The rights of minorities received a great deal of attention during the Interactive Dialogue which tackled the dangerous living conditions in which albino and LGBTQI+ people find themselves in. The attitude of Tanzania’s government towards these two issues stands out in great contrast, being committed towards the betterment of the harsh conditions that people with albinism face and being completely opposed to ending the criminalization and prosecution of LGBT+ people.

People with albinism

Despite the progress made as a result of the legislation passed and the general pro-activity shown by Tanzania, much remains to be done to ensure the safety and well-being of albino people. Tanzania’s delegation declared that cases of violence of people with albinism had been reduced in 2018 and 2019 as the country continued to make progress. However, as shown by the reports summarised in the previous paragraphs, there is still a gap between the measures adopted and the reality on the ground. Aware of this, Algeria demanded Tanzania to improve access to justice for people suffering from albinism. Congo reiterated the general concern among the delegations for the safety of people with albinism who are still victims to the superstitions and practices of some sectors of the population.  The policies aimed at educating those who practice witchcraft with the bodies of people with albinism have yet to reach some sectors of society, mainly in isolated rural areas. The root cultural causes that lead to the prosecution of people with albinism and the trafficking of their bodies remain to be addressed by government policies.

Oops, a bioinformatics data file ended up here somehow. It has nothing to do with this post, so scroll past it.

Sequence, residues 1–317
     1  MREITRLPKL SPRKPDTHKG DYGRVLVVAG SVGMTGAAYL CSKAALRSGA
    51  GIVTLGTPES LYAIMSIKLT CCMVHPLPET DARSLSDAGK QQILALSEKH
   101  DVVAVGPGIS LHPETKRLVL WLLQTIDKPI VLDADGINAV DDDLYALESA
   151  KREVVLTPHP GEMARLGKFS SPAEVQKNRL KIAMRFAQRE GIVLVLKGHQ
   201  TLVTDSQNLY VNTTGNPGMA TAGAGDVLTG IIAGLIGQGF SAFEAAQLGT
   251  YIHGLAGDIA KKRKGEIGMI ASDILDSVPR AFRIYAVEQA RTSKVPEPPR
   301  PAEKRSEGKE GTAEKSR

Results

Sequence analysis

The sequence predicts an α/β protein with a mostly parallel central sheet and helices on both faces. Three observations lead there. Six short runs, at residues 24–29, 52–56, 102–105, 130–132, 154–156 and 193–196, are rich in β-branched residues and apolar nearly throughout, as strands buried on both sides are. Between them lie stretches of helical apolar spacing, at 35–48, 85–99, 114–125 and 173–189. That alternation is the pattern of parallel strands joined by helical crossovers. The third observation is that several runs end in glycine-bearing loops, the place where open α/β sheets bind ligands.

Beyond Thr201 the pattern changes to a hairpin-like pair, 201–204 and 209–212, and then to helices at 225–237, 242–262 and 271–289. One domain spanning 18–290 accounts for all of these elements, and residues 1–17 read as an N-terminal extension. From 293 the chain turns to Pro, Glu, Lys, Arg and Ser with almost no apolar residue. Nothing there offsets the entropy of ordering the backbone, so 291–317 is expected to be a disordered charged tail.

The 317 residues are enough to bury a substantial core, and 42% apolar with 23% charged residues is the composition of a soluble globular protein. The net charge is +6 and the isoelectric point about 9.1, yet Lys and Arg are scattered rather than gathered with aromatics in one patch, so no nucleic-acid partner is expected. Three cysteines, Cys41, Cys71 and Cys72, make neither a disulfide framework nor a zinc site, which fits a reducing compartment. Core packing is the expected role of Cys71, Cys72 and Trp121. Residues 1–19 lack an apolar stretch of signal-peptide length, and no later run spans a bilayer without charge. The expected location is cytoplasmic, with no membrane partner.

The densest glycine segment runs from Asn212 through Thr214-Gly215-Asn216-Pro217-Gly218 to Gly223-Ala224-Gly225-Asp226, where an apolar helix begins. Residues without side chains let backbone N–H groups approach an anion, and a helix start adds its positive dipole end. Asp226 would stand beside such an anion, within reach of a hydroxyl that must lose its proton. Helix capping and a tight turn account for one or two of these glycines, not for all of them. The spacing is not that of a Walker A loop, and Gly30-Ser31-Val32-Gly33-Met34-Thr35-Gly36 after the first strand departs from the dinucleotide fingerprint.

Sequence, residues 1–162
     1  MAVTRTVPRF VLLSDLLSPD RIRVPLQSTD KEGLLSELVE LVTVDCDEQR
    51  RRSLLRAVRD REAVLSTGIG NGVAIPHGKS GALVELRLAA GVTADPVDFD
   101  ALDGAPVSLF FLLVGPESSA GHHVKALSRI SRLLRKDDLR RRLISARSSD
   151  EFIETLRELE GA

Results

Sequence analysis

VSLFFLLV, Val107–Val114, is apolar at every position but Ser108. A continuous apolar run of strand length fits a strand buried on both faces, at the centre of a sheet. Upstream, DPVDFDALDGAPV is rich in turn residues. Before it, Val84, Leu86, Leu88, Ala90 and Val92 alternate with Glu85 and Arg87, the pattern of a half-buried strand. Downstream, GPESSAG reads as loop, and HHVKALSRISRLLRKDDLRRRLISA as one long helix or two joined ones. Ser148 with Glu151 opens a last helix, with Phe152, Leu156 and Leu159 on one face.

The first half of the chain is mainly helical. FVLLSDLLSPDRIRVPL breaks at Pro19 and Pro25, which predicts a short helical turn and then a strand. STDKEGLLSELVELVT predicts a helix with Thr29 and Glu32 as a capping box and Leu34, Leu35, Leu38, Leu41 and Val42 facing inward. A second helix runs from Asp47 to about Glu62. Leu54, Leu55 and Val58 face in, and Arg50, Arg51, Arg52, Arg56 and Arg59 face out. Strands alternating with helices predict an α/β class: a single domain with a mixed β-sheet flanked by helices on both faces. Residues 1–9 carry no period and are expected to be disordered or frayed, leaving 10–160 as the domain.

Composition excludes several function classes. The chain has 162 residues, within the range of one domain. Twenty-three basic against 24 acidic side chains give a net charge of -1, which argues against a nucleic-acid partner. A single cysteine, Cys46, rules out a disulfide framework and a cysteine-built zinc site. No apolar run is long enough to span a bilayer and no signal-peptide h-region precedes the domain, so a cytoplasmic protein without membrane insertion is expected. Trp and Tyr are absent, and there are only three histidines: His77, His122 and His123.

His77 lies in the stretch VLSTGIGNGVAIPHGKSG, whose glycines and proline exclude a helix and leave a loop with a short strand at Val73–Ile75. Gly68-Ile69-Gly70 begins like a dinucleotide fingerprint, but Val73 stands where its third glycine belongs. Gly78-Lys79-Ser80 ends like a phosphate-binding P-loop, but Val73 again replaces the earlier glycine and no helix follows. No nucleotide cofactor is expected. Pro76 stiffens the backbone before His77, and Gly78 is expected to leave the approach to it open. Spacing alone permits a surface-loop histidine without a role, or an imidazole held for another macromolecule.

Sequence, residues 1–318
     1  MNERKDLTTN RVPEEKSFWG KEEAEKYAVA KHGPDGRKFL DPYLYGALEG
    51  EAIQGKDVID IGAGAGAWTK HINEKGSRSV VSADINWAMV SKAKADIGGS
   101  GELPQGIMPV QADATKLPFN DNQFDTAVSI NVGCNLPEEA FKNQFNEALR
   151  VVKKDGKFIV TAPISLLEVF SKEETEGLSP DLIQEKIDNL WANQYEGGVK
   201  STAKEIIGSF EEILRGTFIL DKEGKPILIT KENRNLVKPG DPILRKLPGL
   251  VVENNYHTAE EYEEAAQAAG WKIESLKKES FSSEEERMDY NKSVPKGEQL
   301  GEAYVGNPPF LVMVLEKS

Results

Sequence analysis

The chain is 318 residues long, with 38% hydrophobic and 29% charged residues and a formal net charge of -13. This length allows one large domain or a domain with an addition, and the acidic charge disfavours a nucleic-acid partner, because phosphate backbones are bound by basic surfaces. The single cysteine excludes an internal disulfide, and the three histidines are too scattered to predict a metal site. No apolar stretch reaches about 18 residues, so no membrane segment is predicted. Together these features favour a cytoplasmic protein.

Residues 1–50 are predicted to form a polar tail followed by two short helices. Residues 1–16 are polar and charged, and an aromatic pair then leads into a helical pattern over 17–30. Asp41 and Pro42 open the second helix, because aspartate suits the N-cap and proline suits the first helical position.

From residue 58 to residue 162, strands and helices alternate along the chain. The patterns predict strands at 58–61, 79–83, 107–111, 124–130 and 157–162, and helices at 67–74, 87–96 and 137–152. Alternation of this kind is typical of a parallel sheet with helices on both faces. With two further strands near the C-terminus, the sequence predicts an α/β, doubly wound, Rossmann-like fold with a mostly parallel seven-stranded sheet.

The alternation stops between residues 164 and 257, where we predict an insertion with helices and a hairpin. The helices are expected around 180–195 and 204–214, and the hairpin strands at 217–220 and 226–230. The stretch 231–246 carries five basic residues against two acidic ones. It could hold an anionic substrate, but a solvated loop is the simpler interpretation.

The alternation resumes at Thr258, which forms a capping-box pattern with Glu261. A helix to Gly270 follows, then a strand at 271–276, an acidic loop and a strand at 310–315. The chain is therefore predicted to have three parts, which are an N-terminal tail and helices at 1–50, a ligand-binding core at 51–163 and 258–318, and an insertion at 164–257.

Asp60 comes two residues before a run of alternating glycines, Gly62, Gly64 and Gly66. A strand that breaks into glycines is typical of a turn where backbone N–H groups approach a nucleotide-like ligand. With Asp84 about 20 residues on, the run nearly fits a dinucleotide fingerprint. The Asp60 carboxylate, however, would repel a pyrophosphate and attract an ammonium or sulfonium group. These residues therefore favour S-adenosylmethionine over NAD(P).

LGBTQI+ people

The living conditions of LGBT+ people in Tanzania remain a source of grave concern for human rights defenders and the larger international community. However, homosexuality is still a great tabu in Tanzania’s society. The government has taken no steps to ensure the human rights of this minority and refuses to accept any of the recommendations made. The delegation of Tanzania was transparent in stating that same sex relations continue to be criminalized and expressing the government’s lack of willingness to see this change. Tanzania reiterated their determination to prosecute them in accordance with local customs that do not tolerate such relations and treats them as crimes. To the calls of the delegations that condemned the criminalization of same-sex consenting relationships, the delegations responded also referring to some of the other issues discussed. The delegate of Tanzania raised several eyebrows stating no right of freedom is absolute and that some restrictions are acceptable on matters of public health and public morality and on matters of securing a secular state.